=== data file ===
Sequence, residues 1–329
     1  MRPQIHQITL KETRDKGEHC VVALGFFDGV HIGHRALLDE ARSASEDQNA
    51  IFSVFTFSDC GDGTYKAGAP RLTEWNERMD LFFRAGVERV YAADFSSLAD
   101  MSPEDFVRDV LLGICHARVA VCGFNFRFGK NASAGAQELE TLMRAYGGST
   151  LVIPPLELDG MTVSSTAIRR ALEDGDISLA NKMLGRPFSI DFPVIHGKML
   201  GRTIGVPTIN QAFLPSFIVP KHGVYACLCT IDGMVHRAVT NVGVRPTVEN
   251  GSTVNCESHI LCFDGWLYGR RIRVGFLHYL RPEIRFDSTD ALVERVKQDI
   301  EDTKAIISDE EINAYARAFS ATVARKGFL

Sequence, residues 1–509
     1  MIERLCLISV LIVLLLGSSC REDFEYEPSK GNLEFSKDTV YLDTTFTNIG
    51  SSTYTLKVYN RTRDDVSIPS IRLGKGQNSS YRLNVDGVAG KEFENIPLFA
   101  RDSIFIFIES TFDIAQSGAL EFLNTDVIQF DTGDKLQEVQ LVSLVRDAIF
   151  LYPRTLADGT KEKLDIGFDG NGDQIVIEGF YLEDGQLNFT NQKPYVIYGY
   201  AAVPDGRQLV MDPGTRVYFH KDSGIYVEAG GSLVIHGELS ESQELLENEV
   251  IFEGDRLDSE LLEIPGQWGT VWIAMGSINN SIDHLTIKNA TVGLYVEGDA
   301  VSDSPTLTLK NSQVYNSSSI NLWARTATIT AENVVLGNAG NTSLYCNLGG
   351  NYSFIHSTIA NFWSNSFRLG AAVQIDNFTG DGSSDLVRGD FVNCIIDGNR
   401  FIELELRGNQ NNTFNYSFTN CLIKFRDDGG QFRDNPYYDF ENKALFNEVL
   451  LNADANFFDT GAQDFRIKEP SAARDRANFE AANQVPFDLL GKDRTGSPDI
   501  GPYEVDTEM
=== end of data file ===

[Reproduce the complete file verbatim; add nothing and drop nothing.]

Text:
Sequence, residues 1–329
     1  MRPQIHQITL KETRDKGEHC VVALGFFDGV HIGHRALLDE ARSASEDQNA
    51  IFSVFTFSDC GDGTYKAGAP RLTEWNERMD LFFRAGVERV YAADFSSLAD
   101  MSPEDFVRDV LLGICHARVA VCGFNFRFGK NASAGAQELE TLMRAYGGST
   151  LVIPPLELDG MTVSSTAIRR ALEDGDISLA NKMLGRPFSI DFPVIHGKML
   201  GRTIGVPTIN QAFLPSFIVP KHGVYACLCT IDGMVHRAVT NVGVRPTVEN
   251  GSTVNCESHI LCFDGWLYGR RIRVGFLHYL RPEIRFDSTD ALVERVKQDI
   301  EDTKAIISDE EINAYARAFS ATVARKGFL

Sequence, residues 1–509
     1  MIERLCLISV LIVLLLGSSC REDFEYEPSK GNLEFSKDTV YLDTTFTNIG
    51  SSTYTLKVYN RTRDDVSIPS IRLGKGQNSS YRLNVDGVAG KEFENIPLFA
   101  RDSIFIFIES TFDIAQSGAL EFLNTDVIQF DTGDKLQEVQ LVSLVRDAIF
   151  LYPRTLADGT KEKLDIGFDG NGDQIVIEGF YLEDGQLNFT NQKPYVIYGY
   201  AAVPDGRQLV MDPGTRVYFH KDSGIYVEAG GSLVIHGELS ESQELLENEV
   251  IFEGDRLDSE LLEIPGQWGT VWIAMGSINN SIDHLTIKNA TVGLYVEGDA
   301  VSDSPTLTLK NSQVYNSSSI NLWARTATIT AENVVLGNAG NTSLYCNLGG
   351  NYSFIHSTIA NFWSNSFRLG AAVQIDNFTG DGSSDLVRGD FVNCIIDGNR
   401  FIELELRGNQ NNTFNYSFTN CLIKFRDDGG QFRDNPYYDF ENKALFNEVL
   451  LNADANFFDT GAQDFRIKEP SAARDRANFE AANQVPFDLL GKDRTGSPDI
   501  GPYEVDTEM